Now, in order to achieve a two-state solution there needs to be a focused effort by all concerned parties to fight off terror. There are terrorists in the Middle East willing to kill to make sure that a Palestinian state doesn't emerge. It's essential that there be a focused effort to fight off terror.

Abu Mazen came here to the White House. You were here. You witnessed the press conference. He pledged a focused and concerted effort to fight terror so that we could have a Palestinian state emerge. And he asked for help, which we were willing to provide.

Unfortunately, he is no longer in power. He was eased out of power. And I do not see the same commitment to fight terror from the old guard.

And, therefore, it's going to be very hard to move a peace process forward until there's a focused effort by all parties to assume their responsibilities.

You asked about the fence. I have said the fence is a problem to the extent that the fence is an opportunity to make it difficult for a Palestinian state to emerge. There is a difference between security and land acquisition, and we have made our views clear on that issue.

I have also spoken to Prime Minister Sharon in the past about settlement activities. And the reason why that we have expressed concern about settlement activities is because we want the conditions for a Palestinian state on the ground to be positive; that when the Palestinians finally get people that are willing to fight off terror, the ground must be right so that a state can emerge -- a peaceful state.

This administration is prepared to help the Palestinians develop an economy. We're prepared to help the long-suffering Palestinian people.

But the long-suffering Palestinian people need leadership that is willing to do what is necessary to enable a Palestinian state to come forth.
[emphasis added]

Was Bush joking when he prodded the questioner about whether results of Middle East peace processing efforts were meager or major? Sadly, I think he was seriously asking--though I didn't see the conference on video and am solely relying on the text.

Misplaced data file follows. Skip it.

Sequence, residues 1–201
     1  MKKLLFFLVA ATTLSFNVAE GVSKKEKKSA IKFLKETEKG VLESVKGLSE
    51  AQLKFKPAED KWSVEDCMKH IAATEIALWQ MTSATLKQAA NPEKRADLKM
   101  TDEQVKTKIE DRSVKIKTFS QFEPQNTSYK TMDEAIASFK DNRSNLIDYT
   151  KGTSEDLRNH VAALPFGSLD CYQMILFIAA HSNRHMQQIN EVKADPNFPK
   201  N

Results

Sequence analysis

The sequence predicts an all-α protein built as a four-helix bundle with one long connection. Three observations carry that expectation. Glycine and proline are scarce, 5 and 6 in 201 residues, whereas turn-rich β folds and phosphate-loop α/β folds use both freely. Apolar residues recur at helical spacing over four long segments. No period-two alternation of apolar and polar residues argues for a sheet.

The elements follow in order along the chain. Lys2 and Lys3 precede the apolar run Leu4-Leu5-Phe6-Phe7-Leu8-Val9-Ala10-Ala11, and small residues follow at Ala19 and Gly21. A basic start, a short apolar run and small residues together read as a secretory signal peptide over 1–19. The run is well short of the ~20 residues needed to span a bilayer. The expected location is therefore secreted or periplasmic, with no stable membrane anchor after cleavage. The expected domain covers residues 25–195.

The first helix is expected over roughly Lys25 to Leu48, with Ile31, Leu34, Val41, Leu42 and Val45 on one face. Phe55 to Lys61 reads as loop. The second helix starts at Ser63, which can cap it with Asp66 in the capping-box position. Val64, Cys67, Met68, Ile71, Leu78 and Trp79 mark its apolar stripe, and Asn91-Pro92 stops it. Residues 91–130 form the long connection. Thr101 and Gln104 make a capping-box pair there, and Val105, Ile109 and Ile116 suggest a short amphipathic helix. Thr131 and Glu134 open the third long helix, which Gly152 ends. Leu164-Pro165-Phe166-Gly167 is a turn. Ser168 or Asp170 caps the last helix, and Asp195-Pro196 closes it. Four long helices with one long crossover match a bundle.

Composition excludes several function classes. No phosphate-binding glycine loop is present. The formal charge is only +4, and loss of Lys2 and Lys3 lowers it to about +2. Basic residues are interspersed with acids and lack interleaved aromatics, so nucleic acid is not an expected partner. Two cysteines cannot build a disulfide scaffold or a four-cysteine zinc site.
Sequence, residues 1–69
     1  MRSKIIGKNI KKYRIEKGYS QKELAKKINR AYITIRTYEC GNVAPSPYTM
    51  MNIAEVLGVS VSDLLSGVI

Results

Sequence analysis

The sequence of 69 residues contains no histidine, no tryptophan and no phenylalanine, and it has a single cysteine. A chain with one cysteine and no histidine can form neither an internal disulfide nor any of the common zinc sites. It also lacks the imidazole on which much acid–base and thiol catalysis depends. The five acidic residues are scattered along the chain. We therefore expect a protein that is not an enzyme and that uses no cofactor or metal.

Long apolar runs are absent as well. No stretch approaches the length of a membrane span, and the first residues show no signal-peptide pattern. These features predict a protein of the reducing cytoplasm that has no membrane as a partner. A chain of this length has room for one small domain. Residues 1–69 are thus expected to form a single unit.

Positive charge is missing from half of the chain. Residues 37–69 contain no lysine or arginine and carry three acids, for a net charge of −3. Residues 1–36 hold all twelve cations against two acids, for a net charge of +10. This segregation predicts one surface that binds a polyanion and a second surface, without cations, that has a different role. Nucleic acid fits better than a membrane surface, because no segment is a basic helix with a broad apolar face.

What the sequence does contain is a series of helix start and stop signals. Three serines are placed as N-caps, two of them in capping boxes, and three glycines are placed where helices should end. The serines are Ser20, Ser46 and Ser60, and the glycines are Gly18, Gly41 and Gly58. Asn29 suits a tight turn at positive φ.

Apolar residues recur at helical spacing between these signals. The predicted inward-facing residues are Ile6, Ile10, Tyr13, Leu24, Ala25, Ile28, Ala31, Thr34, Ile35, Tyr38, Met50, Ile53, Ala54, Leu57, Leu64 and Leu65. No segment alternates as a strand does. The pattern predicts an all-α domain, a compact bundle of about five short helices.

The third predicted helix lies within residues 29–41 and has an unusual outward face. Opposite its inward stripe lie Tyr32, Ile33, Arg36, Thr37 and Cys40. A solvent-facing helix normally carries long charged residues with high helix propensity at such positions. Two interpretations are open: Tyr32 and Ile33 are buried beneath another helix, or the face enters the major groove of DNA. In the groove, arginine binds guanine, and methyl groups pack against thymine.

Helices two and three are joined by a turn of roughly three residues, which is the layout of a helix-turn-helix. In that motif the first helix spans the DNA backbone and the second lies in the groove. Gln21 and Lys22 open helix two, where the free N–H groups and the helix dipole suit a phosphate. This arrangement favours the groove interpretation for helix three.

Regardless, the bolded portion pretty much says it all. The peace process is moribund and in tatters. And it will likely remain so for quite a spell.

We are in the strange position that Arafat's presence all but means Bush has decided to hit the pause button on the peace process. At the same time, we are against the Israelis killing or expelling him--as the consequences would be dire (as senior IDF folks are aware too--another reason Sharon has held his fire).

Catch-22 in the Holy Land, you might say.

Someone has to move the process ahead despite Arafat's presence. The only person who can do that is Bush. And it appears he simply won't.

I say this is dumb policy. I'd take Yossi Beilin's fervent peace processing efforts over this paralysis any day of the week--especially as the Palis gave up right of return in the Geneva arrangements.

Condi's Role

QUESTION: Thank you, Mr. President.

You recently put Condoleezza Rice, your national security adviser, in charge of the management of the administration's Iraq policy. What has effectively changed since she's been in charge?

And a second question: Can you promise a year from now that you will have reduced the number of troops in Iraq?

BUSH: The second question is a trick question, so I won't answer it.

The first question was Condoleezza Rice. Her job is to coordinate inter-agency. She's doing a fine job of coordinating inter-agency. She's doing what her -- I mean, the role of the national security adviser is to not only provide good advice to the president, which she does on a regular basis -- I value her judgment and her intelligence -- but her job is also to deal inter-agency and to help unstick things that may get stuck. That's the best way to put it. She's an unsticker... [emphasis added]


... and -- is she listening? OK, well, she's doing a fine job."

An unsticker? No folks, she's got to be a proactive broker--like I've argued before.

A few points here. The use of the term unsticker is quite revealing. For one, it presupposes such frequent "stickiness."

Put differently, it means that in this Admin, it's pretty much simply assumed Rummy/Powell will go to the mat each time (with Armitage sparring in the background with Wolfy, Feith and Co.) and produce a morass of conflicting policies. And then Condi comes in and simply unsticks the mess, ie. the attendant inertia/policy paralysis.

Nah. That's not an effective M.O.

Again, think Brent Scrowcroft. We need an active broker with the gravitas, skill and intellect to bash Beltway barons like Powell and Rummy (and deal with a very, very powerful Veep with his own mini-NSC) into line when the national interest demands innovative bridging proposals (or other out of the box thinking) emanating from the NSC--when the other principals can't get their ducks in line.

Condi Rice, with all due respect, hasn't played this role to date.

Troops Levels in Iraq

Q:....And, in addition, are you considering the possibility of possibly adding more U.S. troops to the forces already on the ground there to help restore order?

BUSH: That's a decision by John Abizaid. General Abizaid makes the decision as to whether or not he needs more troops.

I constantly ask the secretary of defense, as well as when I was visiting with General Abizaid, "Does he have what it takes to do his mission?" He told me he does. [emphasis added]

Why is Dubya "constantly" asking Rummy if we have another troops? Maybe because he, just might, instinctually feel we don't have enough? He might be on to something...